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April 28, 2021

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KrishnaRao_MD_MS.PNGDistancing in Schools and the Transmission of SARS-CoV-2

Reviewed by A. Krishna Rao, MD, MS

Schools for grades K–12 have been a concerning site for potential transmission of SARS-CoV-2 since the beginning of the COVID-19 pandemic. School closures in early 2020 were the first, tangible societal impact of the pandemic felt by millions of people worldwide and a herald of difficult days to come. However, as students returned to in-person education following these early closures, much of the fear that children would spread SARS-CoV-2 has not been supported by multiple epidemiologic studies, irrespective of rates of community transmission. The absolute risk of infection for both students and staff appears quite low, but mitigations such as physical distancing, masking, adequate ventilation, physical barriers, and cohorting remain important. Physical distancing, in particular, can pose a challenge for schools, and even a small change such as going from 6 to 5 feet can mean an additional 5 to 10 desks in a room, depending on classroom shape and size. However, the minimal effective distance in classrooms is unknown. Consequently, evidence on the effectiveness of physical distancing is an unmet need for policy makers.

In a recent study in Clinical Infectious Diseases, van den Berg and colleagues begin to address this evidence deficiency by evaluating the effectiveness of 3 feet versus 6 feet of physical distancing among 251 school districts in Massachusetts. The study included data captured from 537,336 students and 99,390 staff that attended in-person instruction over 16 weeks from September 24, 2020 to January 27, 2021. The incidence rate ratio (IRR) comparing districts with ≥ 3 feet to ≥ 6 feet of physical distancing between students did not show a significant difference (IRR 0.891, 95% confidence interval [CI], 0.594–1.335). Cases among school staff were also similar, irrespective of physical distancing (IRR 1.015, 95% CI, 0.754-1.365). These differences remained non-significant after adjusting for community transmission measured by incidence (IRR 0.904, 95% CI, 0.616–1.325 for students and IRR 1.015, 95% CI, 0.754-1.365 for staff).

The study was limited to one U.S. region and was unable to quantify or incorporate the effects of other mitigations such as ventilation and adherence to masking and cohorting practices. Furthermore, asymptomatic transmission was not quantified, which may not have posed significant risk to students but could have resulted in spread to the community where high-risk individuals could be exposed. However, a strength of the study with regards to the latter included the sensitivity analysis that re-estimated models excluding districts with surveillance testing programs and still found similar results. Additional strengths included the large number of students/staff, the diversity of environments captured, and results that did not change after adjusting for poverty and race/ethnicity.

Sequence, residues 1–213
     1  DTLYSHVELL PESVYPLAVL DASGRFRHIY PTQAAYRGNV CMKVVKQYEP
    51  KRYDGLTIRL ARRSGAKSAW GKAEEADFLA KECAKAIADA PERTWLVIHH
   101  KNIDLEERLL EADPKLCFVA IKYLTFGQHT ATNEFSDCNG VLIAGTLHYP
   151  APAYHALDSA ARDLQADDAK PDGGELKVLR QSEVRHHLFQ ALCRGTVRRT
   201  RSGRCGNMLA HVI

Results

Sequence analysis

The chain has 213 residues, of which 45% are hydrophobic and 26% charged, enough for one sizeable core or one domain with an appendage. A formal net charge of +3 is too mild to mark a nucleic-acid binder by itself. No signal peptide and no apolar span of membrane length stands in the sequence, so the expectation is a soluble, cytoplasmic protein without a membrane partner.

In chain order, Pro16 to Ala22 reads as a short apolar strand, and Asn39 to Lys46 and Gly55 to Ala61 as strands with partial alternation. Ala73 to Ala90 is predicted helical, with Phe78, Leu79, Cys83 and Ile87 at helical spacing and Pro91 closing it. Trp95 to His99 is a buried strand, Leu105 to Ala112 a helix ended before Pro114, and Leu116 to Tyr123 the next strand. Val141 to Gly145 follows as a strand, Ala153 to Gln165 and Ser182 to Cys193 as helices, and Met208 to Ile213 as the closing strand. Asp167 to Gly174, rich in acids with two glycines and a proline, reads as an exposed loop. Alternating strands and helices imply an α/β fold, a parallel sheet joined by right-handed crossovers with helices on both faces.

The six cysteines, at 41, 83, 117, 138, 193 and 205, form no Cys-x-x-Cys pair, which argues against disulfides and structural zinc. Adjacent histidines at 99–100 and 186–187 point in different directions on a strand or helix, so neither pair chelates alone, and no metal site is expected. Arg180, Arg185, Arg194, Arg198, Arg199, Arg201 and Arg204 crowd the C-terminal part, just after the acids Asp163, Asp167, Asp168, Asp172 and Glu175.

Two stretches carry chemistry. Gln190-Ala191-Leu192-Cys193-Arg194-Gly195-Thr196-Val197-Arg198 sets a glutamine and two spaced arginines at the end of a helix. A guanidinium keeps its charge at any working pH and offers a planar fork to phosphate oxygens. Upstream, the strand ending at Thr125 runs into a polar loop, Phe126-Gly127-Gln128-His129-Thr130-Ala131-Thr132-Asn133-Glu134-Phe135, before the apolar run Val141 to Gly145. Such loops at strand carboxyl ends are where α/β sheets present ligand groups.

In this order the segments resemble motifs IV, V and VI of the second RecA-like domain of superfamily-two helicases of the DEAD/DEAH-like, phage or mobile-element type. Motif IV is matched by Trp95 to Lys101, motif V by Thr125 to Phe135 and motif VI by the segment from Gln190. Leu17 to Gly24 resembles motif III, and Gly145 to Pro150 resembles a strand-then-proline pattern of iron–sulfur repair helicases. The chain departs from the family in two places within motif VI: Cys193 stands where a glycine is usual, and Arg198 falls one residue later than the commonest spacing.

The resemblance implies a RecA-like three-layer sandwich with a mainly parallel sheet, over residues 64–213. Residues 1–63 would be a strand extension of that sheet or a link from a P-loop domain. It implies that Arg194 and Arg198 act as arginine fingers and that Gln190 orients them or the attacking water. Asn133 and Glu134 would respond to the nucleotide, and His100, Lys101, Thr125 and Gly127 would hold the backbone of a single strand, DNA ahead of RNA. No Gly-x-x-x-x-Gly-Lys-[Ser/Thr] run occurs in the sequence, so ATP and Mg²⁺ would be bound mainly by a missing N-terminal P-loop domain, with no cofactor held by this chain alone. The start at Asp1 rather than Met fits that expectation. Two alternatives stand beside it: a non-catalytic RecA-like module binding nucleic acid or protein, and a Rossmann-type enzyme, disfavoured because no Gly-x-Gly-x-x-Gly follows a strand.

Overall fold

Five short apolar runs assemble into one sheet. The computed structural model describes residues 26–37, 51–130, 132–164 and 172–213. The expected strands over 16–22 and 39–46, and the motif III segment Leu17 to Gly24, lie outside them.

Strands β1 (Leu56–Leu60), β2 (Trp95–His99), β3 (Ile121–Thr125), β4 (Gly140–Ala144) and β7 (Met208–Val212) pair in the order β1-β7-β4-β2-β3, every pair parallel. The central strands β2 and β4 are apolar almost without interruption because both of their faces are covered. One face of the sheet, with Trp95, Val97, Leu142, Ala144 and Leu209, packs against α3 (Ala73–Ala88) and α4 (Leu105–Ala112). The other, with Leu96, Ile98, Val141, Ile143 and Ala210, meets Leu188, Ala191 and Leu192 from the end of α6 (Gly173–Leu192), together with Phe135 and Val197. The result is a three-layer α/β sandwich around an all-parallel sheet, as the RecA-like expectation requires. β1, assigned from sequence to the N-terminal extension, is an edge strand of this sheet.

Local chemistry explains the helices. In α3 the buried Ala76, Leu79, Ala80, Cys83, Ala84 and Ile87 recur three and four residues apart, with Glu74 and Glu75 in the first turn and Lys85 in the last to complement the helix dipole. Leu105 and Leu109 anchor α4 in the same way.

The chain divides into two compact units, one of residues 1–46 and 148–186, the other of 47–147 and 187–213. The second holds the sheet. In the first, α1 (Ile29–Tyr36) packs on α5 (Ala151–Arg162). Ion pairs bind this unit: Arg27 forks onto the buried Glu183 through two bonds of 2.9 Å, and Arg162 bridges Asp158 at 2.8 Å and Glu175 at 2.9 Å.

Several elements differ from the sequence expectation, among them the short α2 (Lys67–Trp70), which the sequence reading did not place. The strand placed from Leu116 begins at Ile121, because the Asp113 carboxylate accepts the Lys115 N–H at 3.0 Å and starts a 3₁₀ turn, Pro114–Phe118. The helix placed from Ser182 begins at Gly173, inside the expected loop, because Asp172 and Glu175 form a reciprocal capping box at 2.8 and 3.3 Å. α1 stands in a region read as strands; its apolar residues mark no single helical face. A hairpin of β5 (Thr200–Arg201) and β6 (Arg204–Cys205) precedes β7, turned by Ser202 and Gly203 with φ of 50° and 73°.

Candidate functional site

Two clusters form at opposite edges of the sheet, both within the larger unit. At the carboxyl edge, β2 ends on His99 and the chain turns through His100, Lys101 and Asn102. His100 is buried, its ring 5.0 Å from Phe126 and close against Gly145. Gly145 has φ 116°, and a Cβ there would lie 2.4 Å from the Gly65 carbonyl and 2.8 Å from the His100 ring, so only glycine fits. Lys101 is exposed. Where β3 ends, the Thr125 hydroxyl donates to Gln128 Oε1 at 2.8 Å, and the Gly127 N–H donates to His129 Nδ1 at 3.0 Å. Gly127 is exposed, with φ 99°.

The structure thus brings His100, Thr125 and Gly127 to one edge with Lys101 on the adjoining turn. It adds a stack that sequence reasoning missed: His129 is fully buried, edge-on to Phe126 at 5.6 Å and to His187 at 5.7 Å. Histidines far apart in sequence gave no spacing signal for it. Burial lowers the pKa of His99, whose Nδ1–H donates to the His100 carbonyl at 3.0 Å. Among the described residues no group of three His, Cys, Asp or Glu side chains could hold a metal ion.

While this study alone does not definitively demonstrate that physical distancing at ≥ 3 feet is equivalent to ≥ 6 feet for transmission risk of SARS-CoV-2, it does provide useful evidence for policy makers, which the Centers for Disease Control and Prevention (CDC) has already incorporated into their guidance for schools. As with many aspects of the pandemic, considerations for applying the evidence and CDC guidance to a particular scenario are always in flux. At the individual school level, there remains a need to make decisions based on practical considerations and logistics, the vaccination status of staff and the community, and the emergence of new variants. However, this new evidence that reduced distancing requirements remain safe will come as welcome news to K–12 school administrators who seek to allow the return of more students to on-campus education while effectively continuing to mitigate the risk of SARS-CoV-2 transmission.

(van den Berg et al. Clin Infect Dis. Published online: March 20, 2021.)


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